Investigation of structural brain changes in Charles Bonnet Syndrome

Neuroimage Clin. 2022;35:103041. doi: 10.1016/j.nicl.2022.103041. Epub 2022 May 11.

Abstract

Background and objectives: In Charles Bonnet Syndrome (CBS), visual hallucinations (VH) are experienced by people with sight loss due to eye disease or lesional damage to early visual pathways. The aim of this cross-sectional study was to investigate structural brain changes using magnetic resonance imaging (MRI) in CBS.

Methods: Sixteen CBS patients, 17 with eye disease but no VH, and 19 normally sighted people took part. Participants were imaged on a 3T scanner, with 1 mm resolution T1 weighted structural imaging, and diffusion tensor imaging with 64 diffusion directions.

Results: The three groups were well matched for age, sex and cognitive scores (MMSE). The two eye disease groups were matched on visual acuity. Compared to the sighted controls, we found reduced grey matter in the occipital cortex in both eye disease groups. We also found reductions of fractional anisotropy and increased diffusivity in widespread areas, including occipital tracts, the corpus callosum, and the anterior thalamic radiation. We did not find any significant differences between the eye disease participants with VH versus without VH, but did observe a negative association between hippocampal volume and VH severity in the CBS group.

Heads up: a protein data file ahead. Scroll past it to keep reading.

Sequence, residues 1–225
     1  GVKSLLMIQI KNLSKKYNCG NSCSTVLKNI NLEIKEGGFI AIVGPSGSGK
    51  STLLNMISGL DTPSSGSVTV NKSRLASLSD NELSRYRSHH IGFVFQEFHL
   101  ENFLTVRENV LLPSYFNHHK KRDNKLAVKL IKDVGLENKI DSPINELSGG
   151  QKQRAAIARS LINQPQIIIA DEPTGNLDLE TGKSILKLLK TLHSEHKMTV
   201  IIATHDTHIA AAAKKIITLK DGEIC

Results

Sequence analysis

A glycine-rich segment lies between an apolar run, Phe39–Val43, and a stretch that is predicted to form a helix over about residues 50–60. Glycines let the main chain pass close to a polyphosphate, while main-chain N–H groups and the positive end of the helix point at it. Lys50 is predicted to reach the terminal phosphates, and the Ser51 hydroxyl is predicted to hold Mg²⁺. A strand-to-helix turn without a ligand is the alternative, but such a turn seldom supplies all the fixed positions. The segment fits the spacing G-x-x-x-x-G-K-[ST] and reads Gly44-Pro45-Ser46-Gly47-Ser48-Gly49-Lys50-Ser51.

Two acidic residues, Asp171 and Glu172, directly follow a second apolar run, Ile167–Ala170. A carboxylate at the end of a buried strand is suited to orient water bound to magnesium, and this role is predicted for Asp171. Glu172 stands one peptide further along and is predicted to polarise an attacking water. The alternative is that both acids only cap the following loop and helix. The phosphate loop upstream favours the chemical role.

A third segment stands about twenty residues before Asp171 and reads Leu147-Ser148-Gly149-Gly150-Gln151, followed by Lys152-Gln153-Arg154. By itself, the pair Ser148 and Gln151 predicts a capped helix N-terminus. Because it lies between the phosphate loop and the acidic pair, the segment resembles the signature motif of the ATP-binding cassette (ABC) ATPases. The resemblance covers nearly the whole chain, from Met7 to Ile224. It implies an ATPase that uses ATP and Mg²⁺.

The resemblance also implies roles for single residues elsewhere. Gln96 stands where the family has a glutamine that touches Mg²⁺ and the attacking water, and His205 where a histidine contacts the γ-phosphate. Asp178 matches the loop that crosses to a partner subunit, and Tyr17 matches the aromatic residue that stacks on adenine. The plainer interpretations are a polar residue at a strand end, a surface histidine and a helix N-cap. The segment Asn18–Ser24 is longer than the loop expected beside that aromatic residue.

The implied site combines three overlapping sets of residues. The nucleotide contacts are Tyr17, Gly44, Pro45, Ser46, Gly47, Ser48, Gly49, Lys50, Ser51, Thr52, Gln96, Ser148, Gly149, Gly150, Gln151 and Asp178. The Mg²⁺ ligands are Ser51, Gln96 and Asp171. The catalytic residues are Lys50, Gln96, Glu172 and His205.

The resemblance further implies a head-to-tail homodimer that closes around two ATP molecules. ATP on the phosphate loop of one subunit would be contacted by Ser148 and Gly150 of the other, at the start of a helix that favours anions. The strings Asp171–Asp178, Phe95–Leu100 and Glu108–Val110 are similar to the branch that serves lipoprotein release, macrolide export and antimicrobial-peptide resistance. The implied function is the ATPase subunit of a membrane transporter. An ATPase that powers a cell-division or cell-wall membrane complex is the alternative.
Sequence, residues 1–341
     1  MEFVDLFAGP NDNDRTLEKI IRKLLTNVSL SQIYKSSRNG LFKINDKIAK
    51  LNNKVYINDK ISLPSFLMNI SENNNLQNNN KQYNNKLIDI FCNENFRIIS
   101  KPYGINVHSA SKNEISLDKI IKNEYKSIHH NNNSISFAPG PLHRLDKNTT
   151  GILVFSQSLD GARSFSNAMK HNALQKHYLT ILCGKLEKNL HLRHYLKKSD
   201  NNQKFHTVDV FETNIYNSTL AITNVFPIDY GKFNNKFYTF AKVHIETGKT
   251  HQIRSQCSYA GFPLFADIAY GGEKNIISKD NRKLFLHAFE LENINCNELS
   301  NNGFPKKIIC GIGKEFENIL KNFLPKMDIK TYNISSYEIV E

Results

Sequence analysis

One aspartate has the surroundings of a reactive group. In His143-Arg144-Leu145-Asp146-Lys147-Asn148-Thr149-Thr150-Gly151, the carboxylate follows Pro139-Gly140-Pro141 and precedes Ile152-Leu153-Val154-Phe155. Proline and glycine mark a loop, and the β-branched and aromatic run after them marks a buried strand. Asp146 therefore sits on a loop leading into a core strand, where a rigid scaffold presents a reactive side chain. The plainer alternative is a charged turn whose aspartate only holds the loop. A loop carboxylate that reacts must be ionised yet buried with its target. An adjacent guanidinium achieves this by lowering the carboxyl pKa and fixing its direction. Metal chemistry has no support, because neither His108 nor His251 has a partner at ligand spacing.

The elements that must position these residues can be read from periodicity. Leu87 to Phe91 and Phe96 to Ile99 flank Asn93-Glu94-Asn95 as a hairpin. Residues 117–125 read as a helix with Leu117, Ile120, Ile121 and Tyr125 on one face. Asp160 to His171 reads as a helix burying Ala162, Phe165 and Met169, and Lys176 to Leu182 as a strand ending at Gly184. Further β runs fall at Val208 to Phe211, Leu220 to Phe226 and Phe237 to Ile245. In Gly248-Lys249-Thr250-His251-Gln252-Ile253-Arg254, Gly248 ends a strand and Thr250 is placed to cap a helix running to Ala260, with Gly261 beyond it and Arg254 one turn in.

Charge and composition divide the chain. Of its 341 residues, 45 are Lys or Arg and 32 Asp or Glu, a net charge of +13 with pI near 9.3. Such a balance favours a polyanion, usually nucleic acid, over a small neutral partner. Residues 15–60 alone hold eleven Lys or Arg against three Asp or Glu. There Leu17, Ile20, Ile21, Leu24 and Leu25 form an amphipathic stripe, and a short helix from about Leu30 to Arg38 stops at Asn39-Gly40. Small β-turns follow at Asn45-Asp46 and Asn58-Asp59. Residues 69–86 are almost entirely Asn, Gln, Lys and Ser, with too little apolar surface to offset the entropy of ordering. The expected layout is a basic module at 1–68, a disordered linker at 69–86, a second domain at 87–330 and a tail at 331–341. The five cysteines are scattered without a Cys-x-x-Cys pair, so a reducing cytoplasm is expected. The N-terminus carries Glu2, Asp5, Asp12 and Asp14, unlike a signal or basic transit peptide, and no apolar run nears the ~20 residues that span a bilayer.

Discussion: Our findings suggest that although there are cortical and subcortical effects associated with sight loss, structural changes do not explain the occurrence of VHs. CBS may relate instead to connectivity or excitability changes in brain networks linked to vision.

Keywords: Charles Bonnet Syndrome; Eye disease; MRI; Visual hallucinations.

Publication types

  • Research Support, Non-U.S. Gov't

MeSH terms

  • Blindness
  • Brain / diagnostic imaging
  • Charles Bonnet Syndrome* / complications
  • Charles Bonnet Syndrome* / diagnostic imaging
  • Cross-Sectional Studies
  • Diffusion Tensor Imaging
  • Eye Diseases* / complications
  • Hallucinations / diagnostic imaging
  • Humans